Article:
So, I started accepting my mistakes and the unexpected disruptions to my plans. I literally started saying, “You know what, that’s okay,” even if I was really upset. By telling myself that everything was okay (including the upset I felt), I gave myself permission to feel AND move on. I stopped feeling stuck and weighed down by a perceived failure, and I started feeling better about myself and my attempts at doing something I wanted to do. In fact, the simple statement of, “that’s okay” helped me to start looking at imperfect results differently. I stopped seeing an imperfect result as failed final attempt, but rather as a starting point for a creative process that I could enjoy for a long time as I made changes and adjustments.

I also experienced another important shift. Distractions stopped being ways of procrastinating something I didn’t want to do and they instead became ways of centering me in my natural feelings of joy as I found more playful ways of creating what I wanted. Those who know me well (especially those who like to remind me of my nickname “Shiny Squirrel”) know that Shiny Squirrel Syndrome (or Attention Deficit Disorder in medical terms) is a very real part of my daily life. However, once I embraced the distractions and started treating them as willing, even enthusiastic, creative partners for getting me what I wanted, the burden of perfectionism fell away.

I started noticing that shiny objects and squirrels (the metaphorical type) were a natural part of going with the flow. I may have a goal and I may even be able to see my destination, but I’ve learned to accept that every time I turn away from it, it’s not me being an aimless, visionless bum with no ambition. It’s me staying centered in what makes me happiest and following the course of least resistance. The path I take to my destination doesn’t matter. The only thing that matters is getting there. And once I make it to where I want to go, I’ll choose the next thing I want to do and start another adventure.

Oh, I’ll admit that I still experience times of harsh self-criticism and judgment, but overall I’ve come to accept that I am perfectly imperfect. The expression of my joy is centered not only in what I create, but also in the creative process, the adjustments, and the changes that come when I accept the imperfect results and I have fun turning something that isn’t quite right into something that is just right.

In conclusion, I’d just like to say that my thoughts are dedicated to every man who finds perfection in his imperfections and to those who continue to struggle with perfectionism. Whether you find hope in my words or you completely disagree doesn’t matter. I simply know what has worked for me and what has worked for countless others who have found themselves in similar positions.

Embrace your imperfections, and when you do, you will find perfect alignment with your inner joy.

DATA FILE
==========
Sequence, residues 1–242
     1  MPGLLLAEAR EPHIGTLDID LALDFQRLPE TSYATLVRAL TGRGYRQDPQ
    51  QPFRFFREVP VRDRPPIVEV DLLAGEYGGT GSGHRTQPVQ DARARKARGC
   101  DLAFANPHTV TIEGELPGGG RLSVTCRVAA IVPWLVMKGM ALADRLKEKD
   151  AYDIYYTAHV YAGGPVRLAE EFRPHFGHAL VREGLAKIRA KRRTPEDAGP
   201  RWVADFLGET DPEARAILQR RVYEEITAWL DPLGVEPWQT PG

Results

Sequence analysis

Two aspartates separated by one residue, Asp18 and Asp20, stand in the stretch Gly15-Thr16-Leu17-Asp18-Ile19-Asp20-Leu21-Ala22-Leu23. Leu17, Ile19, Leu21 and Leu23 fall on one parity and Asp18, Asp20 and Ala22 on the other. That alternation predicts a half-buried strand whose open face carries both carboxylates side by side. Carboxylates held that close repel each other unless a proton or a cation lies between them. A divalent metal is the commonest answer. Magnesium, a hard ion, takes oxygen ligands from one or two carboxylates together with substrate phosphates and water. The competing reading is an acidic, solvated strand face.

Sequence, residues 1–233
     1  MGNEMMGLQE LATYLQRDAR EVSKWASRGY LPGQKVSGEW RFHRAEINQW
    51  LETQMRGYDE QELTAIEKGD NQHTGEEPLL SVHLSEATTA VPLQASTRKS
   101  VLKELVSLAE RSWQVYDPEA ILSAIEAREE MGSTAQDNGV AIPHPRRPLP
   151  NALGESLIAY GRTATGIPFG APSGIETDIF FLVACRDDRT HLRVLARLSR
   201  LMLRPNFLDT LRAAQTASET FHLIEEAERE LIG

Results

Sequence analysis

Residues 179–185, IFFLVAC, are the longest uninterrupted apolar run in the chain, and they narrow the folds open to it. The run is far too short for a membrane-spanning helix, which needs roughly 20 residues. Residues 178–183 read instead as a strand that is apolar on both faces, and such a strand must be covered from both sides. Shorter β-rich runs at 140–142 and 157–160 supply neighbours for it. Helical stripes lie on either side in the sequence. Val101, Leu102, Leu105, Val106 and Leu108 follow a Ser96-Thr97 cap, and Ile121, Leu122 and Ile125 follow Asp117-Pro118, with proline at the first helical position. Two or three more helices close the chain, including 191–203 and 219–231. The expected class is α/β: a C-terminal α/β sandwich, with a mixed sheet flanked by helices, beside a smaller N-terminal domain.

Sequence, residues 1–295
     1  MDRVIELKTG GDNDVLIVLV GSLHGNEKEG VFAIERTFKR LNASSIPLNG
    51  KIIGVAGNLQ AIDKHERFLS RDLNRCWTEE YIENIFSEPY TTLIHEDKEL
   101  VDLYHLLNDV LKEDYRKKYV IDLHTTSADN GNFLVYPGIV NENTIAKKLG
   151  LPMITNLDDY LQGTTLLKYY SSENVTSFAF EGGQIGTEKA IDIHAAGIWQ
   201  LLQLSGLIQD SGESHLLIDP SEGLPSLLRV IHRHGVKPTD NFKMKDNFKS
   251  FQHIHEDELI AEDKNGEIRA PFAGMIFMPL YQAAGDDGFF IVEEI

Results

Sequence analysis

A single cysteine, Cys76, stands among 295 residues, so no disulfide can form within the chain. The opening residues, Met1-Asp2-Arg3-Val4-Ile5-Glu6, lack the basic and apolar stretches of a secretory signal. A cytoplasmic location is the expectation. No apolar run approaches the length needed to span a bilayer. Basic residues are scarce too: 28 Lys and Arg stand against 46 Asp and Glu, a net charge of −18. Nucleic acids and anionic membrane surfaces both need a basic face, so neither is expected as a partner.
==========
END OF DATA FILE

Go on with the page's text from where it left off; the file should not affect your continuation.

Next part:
About the Author

Appio Hunter, a.k.a. The Emotion Emancipator, is a personal development coach, energy worker, author, and inspirational speaker. He holds certifications as a Happiness Champion and Infinite Possibilities Trainer.

Appio is a self-described crusader for joy. His work blends multiple disciplines to show everyone how they can embrace their personal power and experience clarity, emotional freedom, balance, inner peace, and joy every day. He is also co-host of the weekly podcast Real Men Feel along with his good friend and fellow coach Andy Grant. You can learn more about Appio at AppioHunter.com.

Am I Worthy?

In last week’s episode of Real Men Feel, one of the subjects that came up was that of worthiness. Do men question their worthiness as much as women do? Andy and I both admitted that yes, we do.

This question of “Am I Worthy?” has been a favorite in Western societies for over two thousand years, however variations of it have been asked throughout the world and throughout the ages, depending on the prevailing beliefs of the time. The answer to that question is as direct as it is simple:

Yes.

Of course, you’ve heard that answer many, many times. You’ve heard it so often in fact, that you have a hard time believing it. One thing humans love to do is to add complication where none is required. This is especially true of one-word answers. The irony is that when you look for a complicated answer to the question of worthiness (especially an answer that involves conditions), you’re feeding into the very stories that keep you from believing the simple yes that has been, and always will be your answer.

It doesn’t matter what part of your life you doubt, the “yes” of worthiness applies to everything. You’re worthy of love. You’re worthy of wealth. You’re worthy of joy. You’re worthy of whatever you question. There are no conditions to meet, there is no penance you must pay. By adding conditions or stipulations to the question of worthiness, you blind yourself to the truth of what is.

It isn’t necessary to elaborate further or to try to convince you that you’re worthy to receive whatever you want. You will believe what you want to believe. If you choose to believe that you must check off a list of conditions before you can be worthy of something, then you are free to check off that list. Know however, that if you believe that you must meet a set of conditions to be worthy of something, you’ll never meet those conditions. Conditions are not the product of Source, but rather an expression of the whims of humanity. They are as shifting and volatile as the wind.